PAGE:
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My professor gave us an assignment in which we have to find the cubic equation for a 3-DOF manipulator. The end effector is resting at A(1.5,1.5,1) and moves and stops at B(1,1,2) in 10 seconds. How would I go about this? Would I use the Jacobian matrix or would I use path planning and the coefficient matrix to solve my problem. I'm assuming coefficient matrix but I am not given the original position in angle form. I was only taught how to use path planing when the original angles are given.

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    $\begingroup$ I would use inverse kinematics to determine the motions of each joint (start and end positions). Then use path planning to set the desired motion profiles for each axis over those ten seconds. $\endgroup$ – SteveO Dec 11 '15 at 4:59
  • $\begingroup$ Does it have to be in joint space? $\endgroup$ – 50k4 Dec 11 '15 at 5:49
  • $\begingroup$ Good comment @50k4. You could plan the trajectory in Cartesian space, and then use inverse kinematics repeatedly throughout the 10 sec to stay on that path. The nice thing about that approach is you can keep the end effector on a linear path during the trajectory. However, it requires repeated inverse kinematics in the motion loop, which the earlier approach does not need. $\endgroup$ – SteveO Dec 11 '15 at 7:59
  • $\begingroup$ Well, it depends on the exercise, I mean if it is a theoretical exercise about trajectory planning, solving the inverse kinematics seems to be an unneeded overhead...Cartesian curves might be enough for the exercise... $\endgroup$ – 50k4 Dec 11 '15 at 10:52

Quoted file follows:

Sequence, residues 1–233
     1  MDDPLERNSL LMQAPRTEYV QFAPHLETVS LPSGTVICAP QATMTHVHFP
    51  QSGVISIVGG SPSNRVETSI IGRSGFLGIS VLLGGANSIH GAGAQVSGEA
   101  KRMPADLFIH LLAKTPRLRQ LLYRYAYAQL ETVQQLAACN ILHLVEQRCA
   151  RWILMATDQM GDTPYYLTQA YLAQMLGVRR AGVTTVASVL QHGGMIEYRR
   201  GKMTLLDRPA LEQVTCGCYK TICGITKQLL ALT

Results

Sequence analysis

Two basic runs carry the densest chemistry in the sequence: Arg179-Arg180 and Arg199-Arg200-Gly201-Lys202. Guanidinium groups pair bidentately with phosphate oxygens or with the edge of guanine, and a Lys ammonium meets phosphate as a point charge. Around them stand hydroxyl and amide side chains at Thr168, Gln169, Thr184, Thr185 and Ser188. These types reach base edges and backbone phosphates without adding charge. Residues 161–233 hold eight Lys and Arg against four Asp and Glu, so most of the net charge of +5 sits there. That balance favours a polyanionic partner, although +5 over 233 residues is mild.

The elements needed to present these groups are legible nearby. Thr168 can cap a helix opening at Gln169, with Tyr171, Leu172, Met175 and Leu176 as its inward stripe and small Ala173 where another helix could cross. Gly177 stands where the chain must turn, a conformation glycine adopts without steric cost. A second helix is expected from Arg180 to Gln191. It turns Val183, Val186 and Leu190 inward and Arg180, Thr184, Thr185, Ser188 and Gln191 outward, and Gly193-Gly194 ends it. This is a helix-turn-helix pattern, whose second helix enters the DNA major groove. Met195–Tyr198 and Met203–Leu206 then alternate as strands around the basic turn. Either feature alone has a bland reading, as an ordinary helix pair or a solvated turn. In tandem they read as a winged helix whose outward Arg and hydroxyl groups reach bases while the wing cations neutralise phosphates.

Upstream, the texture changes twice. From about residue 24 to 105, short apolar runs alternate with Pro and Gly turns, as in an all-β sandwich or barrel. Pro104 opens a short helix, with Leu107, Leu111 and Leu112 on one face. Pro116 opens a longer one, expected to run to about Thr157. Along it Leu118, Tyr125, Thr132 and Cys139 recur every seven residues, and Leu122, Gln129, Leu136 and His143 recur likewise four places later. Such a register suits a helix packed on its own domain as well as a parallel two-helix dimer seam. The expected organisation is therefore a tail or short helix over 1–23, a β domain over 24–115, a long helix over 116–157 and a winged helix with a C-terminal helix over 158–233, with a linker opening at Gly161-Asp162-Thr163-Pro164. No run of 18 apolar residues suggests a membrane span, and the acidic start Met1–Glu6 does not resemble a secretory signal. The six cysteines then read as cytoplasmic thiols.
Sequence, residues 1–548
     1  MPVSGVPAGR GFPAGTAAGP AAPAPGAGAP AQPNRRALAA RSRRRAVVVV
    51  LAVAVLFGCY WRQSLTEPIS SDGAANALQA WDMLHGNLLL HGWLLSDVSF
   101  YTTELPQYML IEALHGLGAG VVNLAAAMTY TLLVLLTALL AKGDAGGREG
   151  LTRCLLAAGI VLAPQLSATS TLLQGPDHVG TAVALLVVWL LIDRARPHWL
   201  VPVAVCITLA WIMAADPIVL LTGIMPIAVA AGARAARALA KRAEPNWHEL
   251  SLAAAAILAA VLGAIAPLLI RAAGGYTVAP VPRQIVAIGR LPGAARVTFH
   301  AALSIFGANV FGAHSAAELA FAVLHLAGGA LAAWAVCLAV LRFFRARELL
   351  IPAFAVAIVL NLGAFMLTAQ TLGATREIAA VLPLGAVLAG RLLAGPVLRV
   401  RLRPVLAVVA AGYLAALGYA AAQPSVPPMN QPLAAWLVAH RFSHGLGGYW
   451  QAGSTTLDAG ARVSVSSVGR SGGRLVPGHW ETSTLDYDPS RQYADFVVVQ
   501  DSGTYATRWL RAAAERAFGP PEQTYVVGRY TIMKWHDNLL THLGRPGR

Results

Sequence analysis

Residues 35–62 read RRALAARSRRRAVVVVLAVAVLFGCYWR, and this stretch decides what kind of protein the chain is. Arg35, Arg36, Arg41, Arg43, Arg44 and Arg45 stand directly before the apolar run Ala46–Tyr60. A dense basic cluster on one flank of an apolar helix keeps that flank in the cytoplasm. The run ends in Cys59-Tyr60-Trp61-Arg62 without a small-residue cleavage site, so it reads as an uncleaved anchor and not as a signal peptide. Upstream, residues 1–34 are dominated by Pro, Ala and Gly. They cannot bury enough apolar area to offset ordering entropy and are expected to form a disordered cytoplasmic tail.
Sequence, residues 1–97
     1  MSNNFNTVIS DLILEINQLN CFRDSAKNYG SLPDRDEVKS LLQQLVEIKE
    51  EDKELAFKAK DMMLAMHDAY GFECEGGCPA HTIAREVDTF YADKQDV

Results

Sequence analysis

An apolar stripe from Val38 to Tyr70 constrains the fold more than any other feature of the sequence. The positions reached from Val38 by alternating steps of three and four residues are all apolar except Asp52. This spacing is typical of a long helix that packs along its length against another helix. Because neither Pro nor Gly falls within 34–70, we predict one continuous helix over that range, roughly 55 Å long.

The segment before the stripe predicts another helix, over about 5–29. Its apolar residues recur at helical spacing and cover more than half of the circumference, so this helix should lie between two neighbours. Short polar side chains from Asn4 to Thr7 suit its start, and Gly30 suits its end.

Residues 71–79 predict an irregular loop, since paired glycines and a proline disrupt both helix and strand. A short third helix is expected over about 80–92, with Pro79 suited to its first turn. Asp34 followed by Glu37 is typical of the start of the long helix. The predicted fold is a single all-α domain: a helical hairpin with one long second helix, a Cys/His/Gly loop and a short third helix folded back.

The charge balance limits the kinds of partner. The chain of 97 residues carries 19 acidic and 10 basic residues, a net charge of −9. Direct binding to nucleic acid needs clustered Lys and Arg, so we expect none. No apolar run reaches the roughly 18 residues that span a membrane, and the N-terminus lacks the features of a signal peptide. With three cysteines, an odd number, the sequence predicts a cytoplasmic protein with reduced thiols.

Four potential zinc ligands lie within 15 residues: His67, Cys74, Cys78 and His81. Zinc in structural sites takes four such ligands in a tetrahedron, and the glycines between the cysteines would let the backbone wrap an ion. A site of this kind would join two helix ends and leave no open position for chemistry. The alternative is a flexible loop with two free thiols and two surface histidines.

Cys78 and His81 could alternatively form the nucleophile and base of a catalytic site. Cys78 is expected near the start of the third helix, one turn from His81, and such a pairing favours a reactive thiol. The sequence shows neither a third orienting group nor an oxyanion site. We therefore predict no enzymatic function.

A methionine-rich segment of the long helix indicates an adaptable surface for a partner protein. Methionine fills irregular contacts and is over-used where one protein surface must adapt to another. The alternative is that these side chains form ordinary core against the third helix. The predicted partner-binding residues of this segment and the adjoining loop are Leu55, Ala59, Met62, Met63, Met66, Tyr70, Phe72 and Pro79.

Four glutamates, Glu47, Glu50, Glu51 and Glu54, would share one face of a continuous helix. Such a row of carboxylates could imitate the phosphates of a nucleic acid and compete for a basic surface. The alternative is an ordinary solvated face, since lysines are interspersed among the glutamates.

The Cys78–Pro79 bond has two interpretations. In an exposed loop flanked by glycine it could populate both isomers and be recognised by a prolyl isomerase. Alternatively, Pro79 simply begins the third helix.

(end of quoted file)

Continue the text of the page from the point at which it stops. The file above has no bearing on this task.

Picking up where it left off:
• $\begingroup$ Welcome to robotics Jimenemex. On stack exchange, questions asking for homework help must include a summary of the work you've done so far to solve the problem, and a description of the difficulty you are having solving it. Please edit your question to add this information. $\endgroup$ – Mark Booth Dec 11 '15 at 14:30
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I guess you want to find a cubic polynomial for the end effector. You have 3 coordinates for your points A and B, from your question is not clear if they are $x,y,z$ or $x,y,\theta$. Anyway, I'll show here the procedure for $x$, and you can repeat it for the other two coordinates.

Given the cubic parametric form $x = a_0+a_1 t + a_2 t^2 + a_3 t^3$ ($*$), you want to find the parameters $a_i$.

At $t=0$ you know that $x = 1.5$, so from ($*$) $a_0 = 1.5$.

At $t=10$ you know that $x = 1$, so from ($*$) $a_0+10a_1 + 100a_2 + 1000a_3 = 1$.

Let's differentiate the polynomial: $\dot{x} = a_1 + 2a_2 t + 3a_3 t^2$ ($**$).

At $t=0$ you know that $\dot{x} = 0$ (rest condition), so from ($**$) $a_1 = 0$.

At $t=10$ you know that $\dot{x} = 0$ (stop condition), so from ($**$) $a_1 + 20a_2 + 300a_3 = 0$.

So you have:

$a_0 = 1.5$

$a_1 = 0$

$a_0+10a_1 + 100a_2 + 1000a_3 = 1 \Rightarrow 1.5 + 100a_2 + 1000a_3 = 1$

$a_1 + 20a_2 + 300a_3 = 0 \Rightarrow 20a_2 + 300a_3 = 0$

From the last equation you get $a_2 = -15a_3$, substituting in the second last you get $a_3 = 0.001$, and substituting $a_3$ back you get $a_2 = -0.015$.

So you have all the $a_i$ coefficients to replace in $(*)$ and you can get the solution $x(t) = 1.5 - 0.015t^2 + 0.001t^3$. You can do the same for the other 2 coordinates changing the initial and final conditions.

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  • $\begingroup$ Can you explain how you got to the final equation for x from using the previous two? $\endgroup$ – Jimenemex Dec 11 '15 at 16:26
  • $\begingroup$ I edited the question adding more details. Basically, you have a system of four equations and four unknowns. $\endgroup$ – charles Dec 14 '15 at 8:56

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